Whether you own a poodle or a pit bull, you have a legal responsibility for your dog’s behavior. Two recent Pennsylvania court cases reaffirmed that failure to control a dog may have serious legal consequences.
In Franciscus v. Sevdik, 135 A.3d 1092 (Pa.Super. 2016), an employee of a pet sitting business was out walking a client’s dog when the dog, a pit bull, jumped up and bit a 5-year old girl on her chin. Interestingly, the trial court held only the dog owner responsible for the girl’s injury and dismissed the pet sitter. On appeal, the Superior court reversed. The evidence showed the owner had posted a “Beware Of Dog” sign on his property. Moreover, the owner specifically wrote in the service request form to the pet sitter to avoid routes with children when walking the dog. It seems the pet sitter rather than the owner should have been held responsible. The court ruled the pet sitter had knowledge of the dog’s dangerous propensities and should not have been dismissed from the case. The court held that a pet care business has the same legal responsibility for a dog bite as the owner when the dog is in its care.
The court declined to recognize pit bulls as a dangerous breed. The court held the breed of the dog is not the issue. The focus must be on the owner’s knowledge of behavior that indicates the dog may attack a human. Knowledge of growling or aggressive behavior, such as a fight with another dog, may give rise to liability even if the dog has not previously bitten anyone.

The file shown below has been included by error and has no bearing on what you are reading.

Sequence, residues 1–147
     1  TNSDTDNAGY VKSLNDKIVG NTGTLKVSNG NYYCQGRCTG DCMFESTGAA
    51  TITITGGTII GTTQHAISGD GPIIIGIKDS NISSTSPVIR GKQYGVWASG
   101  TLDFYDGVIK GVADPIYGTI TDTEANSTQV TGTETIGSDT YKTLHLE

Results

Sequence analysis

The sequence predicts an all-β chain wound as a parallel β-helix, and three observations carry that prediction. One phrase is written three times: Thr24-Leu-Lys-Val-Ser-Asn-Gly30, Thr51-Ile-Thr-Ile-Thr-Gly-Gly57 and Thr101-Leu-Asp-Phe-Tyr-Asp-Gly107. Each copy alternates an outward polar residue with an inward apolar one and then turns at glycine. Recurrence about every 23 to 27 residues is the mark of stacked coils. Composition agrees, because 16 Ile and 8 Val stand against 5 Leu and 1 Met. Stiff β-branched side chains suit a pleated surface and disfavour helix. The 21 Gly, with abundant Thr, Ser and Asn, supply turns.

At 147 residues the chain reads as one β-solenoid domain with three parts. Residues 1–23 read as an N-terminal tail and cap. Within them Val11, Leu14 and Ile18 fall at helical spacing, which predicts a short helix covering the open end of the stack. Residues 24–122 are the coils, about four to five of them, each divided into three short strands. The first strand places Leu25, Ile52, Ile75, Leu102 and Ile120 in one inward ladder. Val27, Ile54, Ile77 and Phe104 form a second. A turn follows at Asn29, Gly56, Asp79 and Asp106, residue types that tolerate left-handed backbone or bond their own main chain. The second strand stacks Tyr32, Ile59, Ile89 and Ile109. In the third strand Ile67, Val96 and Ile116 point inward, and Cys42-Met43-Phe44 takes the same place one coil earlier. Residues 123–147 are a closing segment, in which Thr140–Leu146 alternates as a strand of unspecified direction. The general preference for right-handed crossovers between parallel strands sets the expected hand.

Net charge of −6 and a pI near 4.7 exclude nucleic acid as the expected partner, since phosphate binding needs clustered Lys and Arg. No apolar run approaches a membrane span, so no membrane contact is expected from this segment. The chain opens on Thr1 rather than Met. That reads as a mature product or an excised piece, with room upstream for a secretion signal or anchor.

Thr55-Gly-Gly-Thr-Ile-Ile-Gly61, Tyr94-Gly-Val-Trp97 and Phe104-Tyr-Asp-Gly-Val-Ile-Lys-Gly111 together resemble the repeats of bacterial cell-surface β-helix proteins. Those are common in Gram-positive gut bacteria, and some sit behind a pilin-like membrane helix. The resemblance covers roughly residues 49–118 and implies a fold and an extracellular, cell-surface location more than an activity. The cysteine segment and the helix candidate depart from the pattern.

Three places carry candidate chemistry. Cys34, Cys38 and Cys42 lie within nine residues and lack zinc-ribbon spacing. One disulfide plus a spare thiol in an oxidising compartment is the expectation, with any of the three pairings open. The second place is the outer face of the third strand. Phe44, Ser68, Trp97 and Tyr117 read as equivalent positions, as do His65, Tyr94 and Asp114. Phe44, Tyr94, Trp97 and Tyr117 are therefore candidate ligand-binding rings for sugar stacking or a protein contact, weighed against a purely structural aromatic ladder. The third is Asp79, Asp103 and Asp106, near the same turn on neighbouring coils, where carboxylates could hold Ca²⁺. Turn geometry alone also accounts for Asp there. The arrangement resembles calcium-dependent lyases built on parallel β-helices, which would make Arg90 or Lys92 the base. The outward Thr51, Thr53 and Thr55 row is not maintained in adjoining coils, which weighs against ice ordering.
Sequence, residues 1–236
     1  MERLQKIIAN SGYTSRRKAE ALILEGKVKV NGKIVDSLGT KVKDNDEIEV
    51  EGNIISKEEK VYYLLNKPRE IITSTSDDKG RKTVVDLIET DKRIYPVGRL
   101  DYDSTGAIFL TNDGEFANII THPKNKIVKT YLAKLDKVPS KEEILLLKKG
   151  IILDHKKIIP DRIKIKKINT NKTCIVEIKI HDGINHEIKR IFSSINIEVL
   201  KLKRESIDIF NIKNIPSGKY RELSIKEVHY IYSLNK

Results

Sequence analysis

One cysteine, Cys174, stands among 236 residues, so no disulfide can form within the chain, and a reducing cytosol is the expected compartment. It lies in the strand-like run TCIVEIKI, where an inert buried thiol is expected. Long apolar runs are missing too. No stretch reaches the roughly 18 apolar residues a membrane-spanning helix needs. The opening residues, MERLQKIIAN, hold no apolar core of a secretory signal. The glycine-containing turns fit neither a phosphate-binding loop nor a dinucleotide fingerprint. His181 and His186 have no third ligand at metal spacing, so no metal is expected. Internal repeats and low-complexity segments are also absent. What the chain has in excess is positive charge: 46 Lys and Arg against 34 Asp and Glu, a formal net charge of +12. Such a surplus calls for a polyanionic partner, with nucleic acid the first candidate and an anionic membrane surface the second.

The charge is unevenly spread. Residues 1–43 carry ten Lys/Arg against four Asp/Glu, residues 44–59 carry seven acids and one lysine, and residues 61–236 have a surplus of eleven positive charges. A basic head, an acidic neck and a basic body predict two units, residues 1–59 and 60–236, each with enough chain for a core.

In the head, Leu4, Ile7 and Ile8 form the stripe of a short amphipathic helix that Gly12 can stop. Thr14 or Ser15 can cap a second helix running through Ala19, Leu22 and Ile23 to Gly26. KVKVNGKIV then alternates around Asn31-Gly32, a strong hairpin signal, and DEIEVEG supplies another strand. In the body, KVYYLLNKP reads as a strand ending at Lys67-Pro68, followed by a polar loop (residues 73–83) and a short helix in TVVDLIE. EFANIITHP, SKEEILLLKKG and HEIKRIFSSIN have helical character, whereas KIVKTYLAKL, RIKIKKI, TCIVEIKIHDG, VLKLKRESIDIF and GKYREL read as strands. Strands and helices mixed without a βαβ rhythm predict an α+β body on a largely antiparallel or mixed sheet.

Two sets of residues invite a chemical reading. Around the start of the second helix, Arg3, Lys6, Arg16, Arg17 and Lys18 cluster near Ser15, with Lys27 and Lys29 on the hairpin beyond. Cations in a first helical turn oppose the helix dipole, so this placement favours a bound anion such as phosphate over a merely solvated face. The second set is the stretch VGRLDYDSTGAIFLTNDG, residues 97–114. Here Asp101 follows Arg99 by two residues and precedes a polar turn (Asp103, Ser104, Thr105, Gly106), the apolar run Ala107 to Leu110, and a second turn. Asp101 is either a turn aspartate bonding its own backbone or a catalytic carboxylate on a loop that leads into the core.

In Skotnicki v. Pennsylvania Dept. of Insurance, (156 C.D. 2015), the court upheld an insurance company’s cancellation of a homeowner’s insurance policy after it learned the homeowner’s dog had bitten someone. The dog, an English Springer Spaniel, bit the owner’s neighbor on his calf as the owner and the neighbor were talking. The owner described the attack as “out of the blue.” It is a simple fact that dogs who bite are more costly to own.
Dog bites are preventable in most situations. Dog owners should always keep a dog on a leash, even in an unfenced yard. Even smaller breeds may run away and encounter people. A dog owner should never allow a person who is a stranger to the dog to approach the dog and pet it without the owner’s introduction. An introduction involves the owner specifically talking to the dog to calm it and let it know the owner approves. If the owner knows the dog has a tendency to be protective or be anxious around strangers, it is best to err on the side of caution and avoid contact at all. Dog owners must also exercise caution when a visitor enters the home. The same rules for outside interaction apply. An aggressive or protective dog should be confined before allowing anyone to enter.
A dog’s companionship can enrich our lives, but it brings with it responsibility just as children do. And just as with children, an adult’s carelessness can lead to injury. Take these simple precautions to prevent dog bites and protect yourself from expensive consequences.
Scott Fegley is the son of veterinarians who maintained a practice in Hatboro, Pennsylvania for over forty years. He has had dogs as companions his entire life. Scott Fegley also has veterinarians and pet care services among his clients, and has represented persons in dog bite injury cases. If you have questions about a dog bite case, call The Fegley Law Firm at (215) 493-8287 or by email at firstname.lastname@example.org.